Hudson first lays the European crisis at the feet of banks and the institutions (ECB, IMF, and the EU) that are taking the Greek (and other) bank debt and putting it into public hands. He has a very real point. Then he points out that Greece is far better off just walking away, a la Iceland (at least read the last part of this post, on Iceland). And in polls he cites, 85% of the Greek people are against taking on the debt and paying the banks.

    As I wrote last week, there is a revolution going on all over Europe, slowly building up as people realize that the “solution” being offered benefits banks and not German taxpayers or Greek creditors. Ireland will be watching. There is no easy way out. If there is a referendum on this new “troika” proposal, it is likely to lose. This is not over.

    ...
  • Macro E.U. — D.O.A.

    I am attending the Global Interdependence Center’s latest conference here in Philadelphia, writing you from the Admiral’s Club on my way to Boston. The chatter last night at dinner and between sessions was focused on the risks in Europe. I did an interview with Aaron Task on Yahoo’s Daily Ticker, where I noted that European leaders are starting to use the word containedwhen they talk about Greece. Shades of Bernanke and subprime. This too will not be contained.

    And that brings us to this week’s Outside the Box. Greg Weldon has graciously allowed me to use his latest missive on Europe’s woes. A teaser:

    “The EU, like the US, suffers from what we might call the 'Cyrenaic Syndrome', a dynamic linked to the ancient Greek philosophers Aristippus and Hegesias of Cyrene, who, in 3rd and 4th Centuries BC, hypothesized that the goal of life was the avoidance of pain and suffering. Addicts accomplish this thru substance abuse. The EU is trying to accomplish this thru pure denial, and an outright refusal to accept that austerity, like sobriety, is the ONLY way to actually deal with the problems it faces.”

    ...
  • The Mess in Europe

    The disconnect in Europe just gets worse and worse, as I sadly predicted at least a few years ago, and have made a big deal out of over the last year, with the very pointed note that a European banking crisis is the #1 monster in my worry closet. Today, within 15 minutes of each other, I ran across the following three notes, from Zero Hedge, the London Telegraph, and the Financial Times, with a quote from Bloomberg as well. Read them all. And then try and figure out how they can all get what they want. There are going to be tears and lots of them somewhere. Greek three-year rates are now at 21%. And so I decided to link these three short pieces into your Outside the Box this week. To kick things off, a few teaser quotes and observations:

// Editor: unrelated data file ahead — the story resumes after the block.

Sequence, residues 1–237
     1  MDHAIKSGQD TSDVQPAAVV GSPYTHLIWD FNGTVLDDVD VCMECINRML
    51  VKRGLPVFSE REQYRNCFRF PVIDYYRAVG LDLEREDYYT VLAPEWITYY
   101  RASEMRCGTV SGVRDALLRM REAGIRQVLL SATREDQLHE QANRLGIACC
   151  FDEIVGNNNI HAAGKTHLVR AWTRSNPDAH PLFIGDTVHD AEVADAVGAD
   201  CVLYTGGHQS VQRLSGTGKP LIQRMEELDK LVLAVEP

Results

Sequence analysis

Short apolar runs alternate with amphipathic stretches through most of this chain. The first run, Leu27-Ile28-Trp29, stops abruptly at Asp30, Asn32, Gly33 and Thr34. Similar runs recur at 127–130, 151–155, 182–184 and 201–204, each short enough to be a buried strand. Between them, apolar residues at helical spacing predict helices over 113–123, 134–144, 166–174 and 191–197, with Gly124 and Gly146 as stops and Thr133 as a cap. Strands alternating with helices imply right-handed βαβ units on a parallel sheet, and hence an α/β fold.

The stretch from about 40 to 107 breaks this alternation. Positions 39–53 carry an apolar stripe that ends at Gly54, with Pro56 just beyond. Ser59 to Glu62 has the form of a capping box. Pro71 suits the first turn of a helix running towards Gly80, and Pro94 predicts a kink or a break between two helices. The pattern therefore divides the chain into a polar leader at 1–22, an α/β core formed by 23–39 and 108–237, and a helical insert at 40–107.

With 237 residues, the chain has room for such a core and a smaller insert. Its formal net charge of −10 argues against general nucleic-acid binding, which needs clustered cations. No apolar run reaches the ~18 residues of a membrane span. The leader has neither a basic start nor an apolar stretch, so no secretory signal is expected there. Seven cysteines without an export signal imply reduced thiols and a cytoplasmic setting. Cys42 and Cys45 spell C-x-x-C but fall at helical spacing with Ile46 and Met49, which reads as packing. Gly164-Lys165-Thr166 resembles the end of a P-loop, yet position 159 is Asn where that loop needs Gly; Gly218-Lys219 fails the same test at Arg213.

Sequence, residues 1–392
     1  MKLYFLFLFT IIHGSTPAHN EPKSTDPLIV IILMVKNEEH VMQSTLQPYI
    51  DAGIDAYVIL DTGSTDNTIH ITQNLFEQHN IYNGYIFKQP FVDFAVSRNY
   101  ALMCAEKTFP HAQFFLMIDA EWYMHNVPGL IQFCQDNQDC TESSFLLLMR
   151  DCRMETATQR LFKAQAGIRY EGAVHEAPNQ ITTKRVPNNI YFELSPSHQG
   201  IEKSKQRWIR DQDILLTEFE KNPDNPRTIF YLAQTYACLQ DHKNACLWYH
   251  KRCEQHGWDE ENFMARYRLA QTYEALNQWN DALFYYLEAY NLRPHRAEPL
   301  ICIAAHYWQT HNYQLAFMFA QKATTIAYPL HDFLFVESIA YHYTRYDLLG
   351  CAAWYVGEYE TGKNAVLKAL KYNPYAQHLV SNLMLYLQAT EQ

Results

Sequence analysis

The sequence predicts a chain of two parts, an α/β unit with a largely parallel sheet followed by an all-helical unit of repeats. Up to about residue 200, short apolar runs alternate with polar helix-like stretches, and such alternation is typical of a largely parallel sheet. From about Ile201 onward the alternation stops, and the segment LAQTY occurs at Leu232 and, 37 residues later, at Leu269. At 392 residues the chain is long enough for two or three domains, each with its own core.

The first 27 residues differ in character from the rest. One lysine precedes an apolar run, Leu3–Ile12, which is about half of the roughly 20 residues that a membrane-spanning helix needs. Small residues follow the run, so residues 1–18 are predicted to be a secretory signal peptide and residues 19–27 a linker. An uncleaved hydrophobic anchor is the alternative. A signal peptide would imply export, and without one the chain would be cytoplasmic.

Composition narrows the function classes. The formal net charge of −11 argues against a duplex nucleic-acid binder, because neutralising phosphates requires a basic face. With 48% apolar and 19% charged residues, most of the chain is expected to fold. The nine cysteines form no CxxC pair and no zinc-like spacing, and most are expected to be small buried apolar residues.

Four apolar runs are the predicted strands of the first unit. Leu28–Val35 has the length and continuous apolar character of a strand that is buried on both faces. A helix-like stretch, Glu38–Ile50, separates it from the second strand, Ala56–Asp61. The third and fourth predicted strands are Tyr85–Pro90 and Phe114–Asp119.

“On Saturday Jurgen Stark, an executive board member of the ECB, warned that a restructuring of debt in any of the troubled eurozone countries could trigger a banking crisis even worse than that of 2008.

    ...
  • Egypt's Next Crisis: The Economy

    Mubarak resigned, journalists packed their gear, and CNN went back to talking about obesity statistics - but Egypt's troubles are far from over. After weeks of protests (leading to strikes and, understandably, no tourists), the country's economy took an estimated 1.5 billion-dollar punch to the face.

    This appears to be the tip of the iceberg for Egypt's economical woes, however - as you'll read in the piece below from STRATFOR, a global intelligence company I've come to know and love. Mubarak's gone... as are his son's banking reforms. Resurrected is the military's practice of borrowing money from banks with no intention of paying it back - likely leading to a debt level of bailout proportions. The nation's not about to find the extra $16 billion a year it needs in its couch cushions.

    ...
  • Intelligence Guidance: The Situation in Egypt

    When protests started in Egypt last week, mainstream news outlets cried "democracy!" and compared the situation in Egypt to the Berlin Wall and Tienanmen Square. Meanwhile, STRATFOR (an intelligence company I've followed for years) spoke of a different possibility.  At the time it may have been counter-intuitive for most institutions to draw parallels to 1979 Iran, but my friend and the company's founder George Friedman produced an internal document that raised that possibility.   Days later, news outlets began asking questions about groups like the Muslim Brotherhood, and realizing there could be other forces behind the unrest than simple calls for Western-style democracy.

    ...